The final years
While Galileo was first at Siena he had written to Sister Maria Celeste saying that his name had been removed from the book of the living, so deeply did he feel his condemnation by the Church. His letters to his daughter do not survive, but this is clear from her reply:
Do not say that your name is struck de libro viventium, for that is not so, either in the rest of the world or in your own country. Rather, it seems to me that if your name and reputation were briefly under a cloud, they are now restored to greater fame — which is astonishing, since I know that no one is accounted a prophet in his own land. (PLG 265)
His daughter's cheering words related only to the joy and relief expressed at her convent over Galileo's escape from confinement in prison at Rome. They turned out to be prophetic, however, for in 1634 Galileo's Mechanics was translated into French by the Minim friar Marin Mersenne, long before it was printed in its original Italian. The next year his ill-starred Dialogue was printed in a Latin translation by Matthias Bernegger at Strasbourg, reaching in that form a far more cosmopolitan audience than the suppressed Italian text. And in 1636 the Letter to Christina, which had circulated only in manuscript copies, was printed together with a Latin translation, apprising all Europe of Galileo's position on the introduction of scriptural passages into purely physical questions. The Latin title of the book specified such questions to be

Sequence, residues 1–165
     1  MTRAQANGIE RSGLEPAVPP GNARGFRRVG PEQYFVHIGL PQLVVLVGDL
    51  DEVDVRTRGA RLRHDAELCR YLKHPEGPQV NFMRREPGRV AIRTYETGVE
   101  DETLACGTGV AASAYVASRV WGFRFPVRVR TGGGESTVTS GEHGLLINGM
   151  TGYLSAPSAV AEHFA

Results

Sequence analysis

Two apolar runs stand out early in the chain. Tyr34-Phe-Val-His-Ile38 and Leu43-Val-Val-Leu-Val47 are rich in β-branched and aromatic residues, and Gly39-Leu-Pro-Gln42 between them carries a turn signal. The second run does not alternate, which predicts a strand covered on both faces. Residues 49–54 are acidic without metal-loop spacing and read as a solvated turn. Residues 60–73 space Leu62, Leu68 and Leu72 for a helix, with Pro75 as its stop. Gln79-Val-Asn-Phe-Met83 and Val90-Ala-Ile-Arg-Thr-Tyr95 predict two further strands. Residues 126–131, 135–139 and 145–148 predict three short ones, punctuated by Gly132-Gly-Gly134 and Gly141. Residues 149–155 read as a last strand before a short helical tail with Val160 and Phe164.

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Publication information: Book title: Galileo:A Very Short Introduction. Contributors: Stillman Drake - Author. Publisher: Oxford University Press. Place of publication: Oxford. Publication year: 2001. Page number: 101.
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